clay getters both on the surface and underground are fully aware of their responsi-
bilities and they are well trained in selection.
The various grades of clay so gotten are visually checked once more at the pit

Clays are brought by lorry from the pits and mines to a central storage and pro-
cessing works at Furzebrook. At the weighbridge the clay undergoes another visual
check, and any clay suspected of variation is sampled for special check and set
apart. Regular routine working face samples are also taken here. Storage capacity
for some 10,000 tons under cover enables adequate stocks of all grades of clay to
be maintained in lump, or shredded form. Fixed and portable machines are installed
so that clay can be processed by shredding, blending, drying and granulating, powder-
ing, air floating and artificial weathering. Special processing for individual users is
carried out, but in no instance is clay chemically adulterated.
A large clean layout makes possible prompt despatch by either road or rail. All
lorries arriving to load for customers are inspected by the despatch foreman, and
if necessary, the high pressure washing plant installed for the Company's internal
transport system is available to them,
All railway wagons are thoroughly scrubbed clean, and whenever possible a closed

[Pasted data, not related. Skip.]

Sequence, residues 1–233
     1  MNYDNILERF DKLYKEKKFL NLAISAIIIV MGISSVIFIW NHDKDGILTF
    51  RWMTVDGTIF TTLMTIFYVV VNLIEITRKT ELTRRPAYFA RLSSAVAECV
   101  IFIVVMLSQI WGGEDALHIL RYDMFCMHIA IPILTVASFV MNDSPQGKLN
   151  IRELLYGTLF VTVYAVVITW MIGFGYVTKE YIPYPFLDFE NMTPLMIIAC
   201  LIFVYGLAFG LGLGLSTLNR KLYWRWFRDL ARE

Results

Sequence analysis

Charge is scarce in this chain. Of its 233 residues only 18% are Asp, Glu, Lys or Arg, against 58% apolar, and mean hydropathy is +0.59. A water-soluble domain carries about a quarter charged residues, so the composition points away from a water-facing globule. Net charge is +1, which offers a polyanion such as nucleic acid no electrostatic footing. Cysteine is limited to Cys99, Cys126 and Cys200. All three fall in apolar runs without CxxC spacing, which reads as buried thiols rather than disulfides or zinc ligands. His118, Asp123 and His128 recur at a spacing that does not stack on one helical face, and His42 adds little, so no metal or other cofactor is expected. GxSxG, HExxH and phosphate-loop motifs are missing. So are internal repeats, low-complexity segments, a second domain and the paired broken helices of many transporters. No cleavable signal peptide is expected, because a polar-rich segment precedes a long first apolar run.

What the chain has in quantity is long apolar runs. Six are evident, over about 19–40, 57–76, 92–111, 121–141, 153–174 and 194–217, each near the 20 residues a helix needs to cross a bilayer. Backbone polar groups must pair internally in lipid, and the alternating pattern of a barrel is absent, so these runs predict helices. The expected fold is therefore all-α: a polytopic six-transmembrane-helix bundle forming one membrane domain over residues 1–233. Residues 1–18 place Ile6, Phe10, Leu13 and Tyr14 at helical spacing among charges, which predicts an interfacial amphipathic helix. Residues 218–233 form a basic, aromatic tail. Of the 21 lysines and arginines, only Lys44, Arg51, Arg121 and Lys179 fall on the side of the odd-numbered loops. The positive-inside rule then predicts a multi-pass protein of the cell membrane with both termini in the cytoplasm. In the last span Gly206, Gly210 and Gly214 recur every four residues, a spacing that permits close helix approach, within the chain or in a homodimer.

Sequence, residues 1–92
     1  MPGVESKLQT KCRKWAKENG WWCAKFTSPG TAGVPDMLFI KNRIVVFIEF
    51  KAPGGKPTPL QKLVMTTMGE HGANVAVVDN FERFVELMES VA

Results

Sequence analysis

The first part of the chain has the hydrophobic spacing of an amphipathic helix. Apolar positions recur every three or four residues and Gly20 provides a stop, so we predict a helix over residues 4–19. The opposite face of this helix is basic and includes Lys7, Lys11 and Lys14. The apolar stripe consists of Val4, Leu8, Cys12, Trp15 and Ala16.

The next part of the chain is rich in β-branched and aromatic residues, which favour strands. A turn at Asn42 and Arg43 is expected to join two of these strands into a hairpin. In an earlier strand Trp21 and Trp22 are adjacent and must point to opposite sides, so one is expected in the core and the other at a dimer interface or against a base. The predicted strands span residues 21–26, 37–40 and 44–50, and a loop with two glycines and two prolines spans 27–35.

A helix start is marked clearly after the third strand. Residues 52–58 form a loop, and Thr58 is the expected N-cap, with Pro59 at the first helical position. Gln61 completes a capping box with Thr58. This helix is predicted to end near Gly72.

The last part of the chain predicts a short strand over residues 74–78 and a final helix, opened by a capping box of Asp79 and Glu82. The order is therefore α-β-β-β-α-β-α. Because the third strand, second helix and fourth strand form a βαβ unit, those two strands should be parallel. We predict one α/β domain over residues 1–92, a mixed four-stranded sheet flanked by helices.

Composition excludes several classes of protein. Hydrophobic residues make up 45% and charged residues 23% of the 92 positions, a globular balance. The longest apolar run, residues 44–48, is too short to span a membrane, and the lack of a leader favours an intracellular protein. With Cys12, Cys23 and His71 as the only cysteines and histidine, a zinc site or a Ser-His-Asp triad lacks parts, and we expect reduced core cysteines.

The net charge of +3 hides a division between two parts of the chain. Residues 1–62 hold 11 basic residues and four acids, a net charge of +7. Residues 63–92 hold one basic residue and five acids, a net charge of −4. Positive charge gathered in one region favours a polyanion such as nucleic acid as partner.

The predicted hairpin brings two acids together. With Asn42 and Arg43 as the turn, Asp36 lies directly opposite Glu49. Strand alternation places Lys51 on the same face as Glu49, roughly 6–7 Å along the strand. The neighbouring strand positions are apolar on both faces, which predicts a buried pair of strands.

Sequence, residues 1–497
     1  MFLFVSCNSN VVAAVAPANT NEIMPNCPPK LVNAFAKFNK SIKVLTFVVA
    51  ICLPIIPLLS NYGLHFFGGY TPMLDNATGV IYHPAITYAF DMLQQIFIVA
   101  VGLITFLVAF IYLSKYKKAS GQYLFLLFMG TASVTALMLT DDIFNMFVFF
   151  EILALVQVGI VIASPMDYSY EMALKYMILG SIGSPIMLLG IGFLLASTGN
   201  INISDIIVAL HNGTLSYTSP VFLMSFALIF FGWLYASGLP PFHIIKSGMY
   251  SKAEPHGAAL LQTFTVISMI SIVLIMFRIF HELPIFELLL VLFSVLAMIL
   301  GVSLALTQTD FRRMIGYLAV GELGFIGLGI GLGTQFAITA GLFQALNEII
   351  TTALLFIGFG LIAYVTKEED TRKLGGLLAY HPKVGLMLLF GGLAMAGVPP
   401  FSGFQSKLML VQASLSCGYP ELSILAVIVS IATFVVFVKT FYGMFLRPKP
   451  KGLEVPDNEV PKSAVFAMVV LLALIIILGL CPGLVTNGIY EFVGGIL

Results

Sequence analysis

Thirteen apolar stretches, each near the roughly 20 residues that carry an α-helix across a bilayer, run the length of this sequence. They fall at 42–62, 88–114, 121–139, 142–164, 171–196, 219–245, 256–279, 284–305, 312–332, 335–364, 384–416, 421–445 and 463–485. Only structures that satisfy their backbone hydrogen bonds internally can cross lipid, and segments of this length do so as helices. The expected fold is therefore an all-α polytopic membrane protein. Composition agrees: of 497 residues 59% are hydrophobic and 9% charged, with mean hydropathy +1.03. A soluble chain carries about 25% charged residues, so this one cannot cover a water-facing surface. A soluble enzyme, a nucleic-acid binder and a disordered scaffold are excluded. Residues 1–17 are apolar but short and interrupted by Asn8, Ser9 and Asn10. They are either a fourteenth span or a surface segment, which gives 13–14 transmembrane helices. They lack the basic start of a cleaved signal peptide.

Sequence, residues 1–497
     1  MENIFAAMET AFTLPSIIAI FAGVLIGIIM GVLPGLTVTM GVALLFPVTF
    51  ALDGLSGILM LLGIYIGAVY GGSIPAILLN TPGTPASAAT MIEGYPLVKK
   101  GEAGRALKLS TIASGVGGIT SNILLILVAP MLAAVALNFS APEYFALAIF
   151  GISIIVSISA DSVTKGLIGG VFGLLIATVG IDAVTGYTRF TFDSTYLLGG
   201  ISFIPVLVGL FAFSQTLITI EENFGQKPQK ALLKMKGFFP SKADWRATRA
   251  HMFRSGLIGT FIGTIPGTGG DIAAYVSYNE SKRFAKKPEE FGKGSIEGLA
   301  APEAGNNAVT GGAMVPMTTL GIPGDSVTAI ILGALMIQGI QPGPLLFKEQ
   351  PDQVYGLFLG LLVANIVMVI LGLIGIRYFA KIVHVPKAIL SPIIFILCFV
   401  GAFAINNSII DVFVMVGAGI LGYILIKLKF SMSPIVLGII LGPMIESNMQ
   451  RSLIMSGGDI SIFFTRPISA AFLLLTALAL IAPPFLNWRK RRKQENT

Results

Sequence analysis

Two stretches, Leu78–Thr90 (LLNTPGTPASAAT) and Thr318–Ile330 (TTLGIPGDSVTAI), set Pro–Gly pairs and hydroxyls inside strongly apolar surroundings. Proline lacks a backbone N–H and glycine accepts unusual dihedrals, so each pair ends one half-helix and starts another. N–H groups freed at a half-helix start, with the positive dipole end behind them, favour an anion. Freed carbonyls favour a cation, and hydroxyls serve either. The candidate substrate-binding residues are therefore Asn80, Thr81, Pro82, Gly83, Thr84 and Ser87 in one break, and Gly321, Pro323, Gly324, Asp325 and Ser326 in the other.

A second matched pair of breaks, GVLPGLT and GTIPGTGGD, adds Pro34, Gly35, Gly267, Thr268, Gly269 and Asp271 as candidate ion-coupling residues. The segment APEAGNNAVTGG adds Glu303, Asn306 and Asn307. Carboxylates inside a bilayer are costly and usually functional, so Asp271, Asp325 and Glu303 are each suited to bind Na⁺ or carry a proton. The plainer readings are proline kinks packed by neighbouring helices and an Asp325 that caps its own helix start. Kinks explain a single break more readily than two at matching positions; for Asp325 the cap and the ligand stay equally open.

circuit wagon system is used.

Routine physical testing of ball clays is of ever increasing importance; in fact,
the bulk of our control tests come within this category. Very careful consideration
has been paid to the practical significance of these tests and the time involved.
The following outline of the control measures in operation by our Company will enable customers to appreciate the amount of care taken in the selection and separation of clays.

As already mentioned, boring rigs are continually in operation, prospecting for
new deposits and confirming present ones. The samples obtained are thus months
and sometimes years ahead of anticipated working. Thus there is ample time to
ensure that full chemical and physical data is obtained.
Routine control of the clay being worked is carried out by a system of preliminary
and comprehensive testing, and is applied on a batch basis to the various clays.
Preliminary testing is designed to cover a series of rapid tests to check regularity before processing the clay; these tests cover fluid properties, plastic limit, plastic to dry volume contraction, ignition loss, silica content and wet sieve residue—per-centage and type.
Comprehensive testing covers thermal expansion (reversible and irreversible) strength dried and fired, fired contraction, appearance and porosity.
Such work is carried out regularly to maintain exact standards of clays for the industries we serve.

Control of clay is made completely effective by the co-operation of the mining and laboratory staff over the interpretation of laboratory results.
The laboratory is able and willing to undertake research on behalf of users regarding the use and behaviour of ball clays.

Mineralogy and Properties of Dorset Ball Clays